Today I want to talk about the conference I attended yesterday along with my Seanad colleague, Senator McFadden. It was held in Westport, County Mayo. I commend Safe Ireland for such a wonderful conference on domestic violence and for holding it in Mayo. One of the reasons it did so was that it launched a report on Mayo with regard to combating domestic violence. I will speak briefly about two of the speakers who attended the conference. The first is Ryan Hart from Britain, of whom many Senators have heard. His mother and sister were killed by his father. He and his brother Luke have written a book on it, Remembered Forever. What he spoke about in particular was the eulogising of his father who died by suicide just after the death of his mother and sister. He said this has to stop. We see so much of it in this country, where women and children are killed and suddenly the person who killed them is eulogised and all kinds of excuses are made, such as being a great member of the GAA, going to Mass on Sunday or being a great community person. The reason I say all of this is that we need to do much more in this State. I have asked for the Minister to come to the House to evaluate the legislation we passed earlier this year. It is hugely important that we do so. I do not believe adequate resources are being put in place to underpin the legislation. The conference also heard from Detective Superintendent Gordon McCreadie of the Scottish police. He spoke about the many good practices in Scotland to combat domestic violence.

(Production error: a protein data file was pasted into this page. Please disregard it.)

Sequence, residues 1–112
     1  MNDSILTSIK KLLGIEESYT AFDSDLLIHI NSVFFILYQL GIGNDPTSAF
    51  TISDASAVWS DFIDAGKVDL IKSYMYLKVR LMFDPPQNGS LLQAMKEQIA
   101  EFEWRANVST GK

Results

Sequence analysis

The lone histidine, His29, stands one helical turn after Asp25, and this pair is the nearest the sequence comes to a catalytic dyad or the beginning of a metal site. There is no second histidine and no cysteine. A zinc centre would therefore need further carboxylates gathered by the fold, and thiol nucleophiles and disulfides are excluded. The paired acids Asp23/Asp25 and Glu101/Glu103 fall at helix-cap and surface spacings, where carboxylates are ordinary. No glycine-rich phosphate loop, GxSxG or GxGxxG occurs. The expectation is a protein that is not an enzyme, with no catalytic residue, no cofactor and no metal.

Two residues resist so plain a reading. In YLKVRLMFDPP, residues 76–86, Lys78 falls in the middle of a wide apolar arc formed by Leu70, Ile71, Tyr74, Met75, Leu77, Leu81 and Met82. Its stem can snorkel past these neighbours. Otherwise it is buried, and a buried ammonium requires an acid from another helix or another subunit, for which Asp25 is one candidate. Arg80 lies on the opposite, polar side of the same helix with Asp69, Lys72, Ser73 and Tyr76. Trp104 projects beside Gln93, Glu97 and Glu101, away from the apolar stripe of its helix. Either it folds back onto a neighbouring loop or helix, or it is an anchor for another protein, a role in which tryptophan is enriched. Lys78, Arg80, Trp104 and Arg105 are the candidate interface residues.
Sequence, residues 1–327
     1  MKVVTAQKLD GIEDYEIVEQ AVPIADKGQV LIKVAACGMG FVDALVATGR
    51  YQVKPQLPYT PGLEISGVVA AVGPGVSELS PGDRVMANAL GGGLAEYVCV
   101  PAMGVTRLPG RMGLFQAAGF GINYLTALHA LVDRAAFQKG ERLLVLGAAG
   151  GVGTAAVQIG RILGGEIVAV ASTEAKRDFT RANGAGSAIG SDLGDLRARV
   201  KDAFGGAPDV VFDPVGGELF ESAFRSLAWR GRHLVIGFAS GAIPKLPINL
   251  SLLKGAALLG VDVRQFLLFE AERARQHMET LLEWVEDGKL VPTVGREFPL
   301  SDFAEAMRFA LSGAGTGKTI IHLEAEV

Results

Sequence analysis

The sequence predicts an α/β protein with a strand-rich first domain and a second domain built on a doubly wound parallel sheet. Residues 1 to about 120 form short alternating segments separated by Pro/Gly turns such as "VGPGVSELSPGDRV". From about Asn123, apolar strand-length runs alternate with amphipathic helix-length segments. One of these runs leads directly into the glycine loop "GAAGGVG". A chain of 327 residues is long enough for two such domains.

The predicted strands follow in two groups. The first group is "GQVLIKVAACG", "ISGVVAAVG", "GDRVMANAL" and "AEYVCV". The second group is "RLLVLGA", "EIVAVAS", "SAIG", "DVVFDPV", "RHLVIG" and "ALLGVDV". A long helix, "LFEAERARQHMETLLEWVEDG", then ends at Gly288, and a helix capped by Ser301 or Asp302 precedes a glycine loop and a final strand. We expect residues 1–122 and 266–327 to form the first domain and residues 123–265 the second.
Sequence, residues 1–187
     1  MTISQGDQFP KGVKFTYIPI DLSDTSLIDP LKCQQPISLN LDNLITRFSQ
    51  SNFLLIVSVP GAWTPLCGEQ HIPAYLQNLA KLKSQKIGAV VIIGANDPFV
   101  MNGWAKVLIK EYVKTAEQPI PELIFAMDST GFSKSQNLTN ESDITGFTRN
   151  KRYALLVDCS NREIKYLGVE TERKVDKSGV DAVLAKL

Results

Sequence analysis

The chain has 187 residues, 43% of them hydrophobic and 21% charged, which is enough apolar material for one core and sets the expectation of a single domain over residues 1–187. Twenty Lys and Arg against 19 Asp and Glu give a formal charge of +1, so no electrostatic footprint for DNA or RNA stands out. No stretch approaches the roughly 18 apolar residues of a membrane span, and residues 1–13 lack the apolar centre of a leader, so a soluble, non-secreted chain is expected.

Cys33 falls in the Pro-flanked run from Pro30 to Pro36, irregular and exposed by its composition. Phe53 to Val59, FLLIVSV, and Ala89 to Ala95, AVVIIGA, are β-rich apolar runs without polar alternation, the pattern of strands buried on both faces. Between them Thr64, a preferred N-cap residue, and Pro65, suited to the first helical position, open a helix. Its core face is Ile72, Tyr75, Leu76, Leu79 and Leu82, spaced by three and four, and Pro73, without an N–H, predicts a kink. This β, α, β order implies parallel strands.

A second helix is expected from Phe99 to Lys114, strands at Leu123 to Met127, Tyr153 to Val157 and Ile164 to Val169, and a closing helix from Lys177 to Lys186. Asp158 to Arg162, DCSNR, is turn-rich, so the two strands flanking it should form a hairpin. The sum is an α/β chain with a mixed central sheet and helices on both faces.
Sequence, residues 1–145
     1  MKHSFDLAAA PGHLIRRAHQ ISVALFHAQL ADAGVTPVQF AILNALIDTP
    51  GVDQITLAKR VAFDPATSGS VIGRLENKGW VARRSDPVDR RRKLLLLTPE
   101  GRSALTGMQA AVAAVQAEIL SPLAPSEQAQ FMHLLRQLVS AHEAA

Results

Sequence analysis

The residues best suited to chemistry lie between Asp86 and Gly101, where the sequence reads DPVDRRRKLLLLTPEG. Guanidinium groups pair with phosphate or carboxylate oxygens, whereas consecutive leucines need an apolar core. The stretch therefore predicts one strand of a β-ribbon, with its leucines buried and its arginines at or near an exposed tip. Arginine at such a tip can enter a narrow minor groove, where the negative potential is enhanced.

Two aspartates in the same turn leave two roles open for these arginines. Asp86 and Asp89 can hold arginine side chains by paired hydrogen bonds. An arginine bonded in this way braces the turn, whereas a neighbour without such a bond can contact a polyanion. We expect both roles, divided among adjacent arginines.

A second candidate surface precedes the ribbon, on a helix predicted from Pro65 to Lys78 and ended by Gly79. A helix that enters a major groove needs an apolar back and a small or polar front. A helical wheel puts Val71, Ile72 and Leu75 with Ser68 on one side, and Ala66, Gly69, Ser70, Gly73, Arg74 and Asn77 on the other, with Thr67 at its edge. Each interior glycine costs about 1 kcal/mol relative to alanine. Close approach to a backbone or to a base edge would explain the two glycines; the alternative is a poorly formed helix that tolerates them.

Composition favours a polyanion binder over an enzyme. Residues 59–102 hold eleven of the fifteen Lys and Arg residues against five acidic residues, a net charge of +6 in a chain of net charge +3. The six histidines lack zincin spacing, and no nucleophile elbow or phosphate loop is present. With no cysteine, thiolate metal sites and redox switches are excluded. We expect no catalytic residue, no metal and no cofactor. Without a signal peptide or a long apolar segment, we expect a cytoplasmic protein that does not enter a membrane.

The Safe Home Safe Communities programme has been launched in Mayo. The idea behind it is to have prevention, intervention, response, recovery and measurement. It is hugely important that we have these things. I will speak about it at length later. This is crucial because the funds for Safe Ireland are not guaranteed and the staff are on protective notice. We are starting our 16 days of action to oppose violence against women and it is not good enough. Tusla is not allocating the money. It is administering the money but it is not dishing it out. That money needs to be released. We cannot have a precarious situation where Safe Ireland is not being adequately funded to do the job it needs to do. I am sure I will speak about this during the 16 days of action on opposing violence against women.